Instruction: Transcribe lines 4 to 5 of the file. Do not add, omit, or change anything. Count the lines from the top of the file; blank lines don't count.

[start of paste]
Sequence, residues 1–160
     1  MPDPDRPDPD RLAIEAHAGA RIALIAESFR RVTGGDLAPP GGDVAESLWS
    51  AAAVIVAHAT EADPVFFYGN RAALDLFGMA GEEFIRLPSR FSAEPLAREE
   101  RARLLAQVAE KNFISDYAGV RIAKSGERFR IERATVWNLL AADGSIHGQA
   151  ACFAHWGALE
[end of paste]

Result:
   101  RARLLAQVAE KNFISDYAGV RIAKSGERFR IERATVWNLL AADGSIHGQA
   151  ACFAHWGALE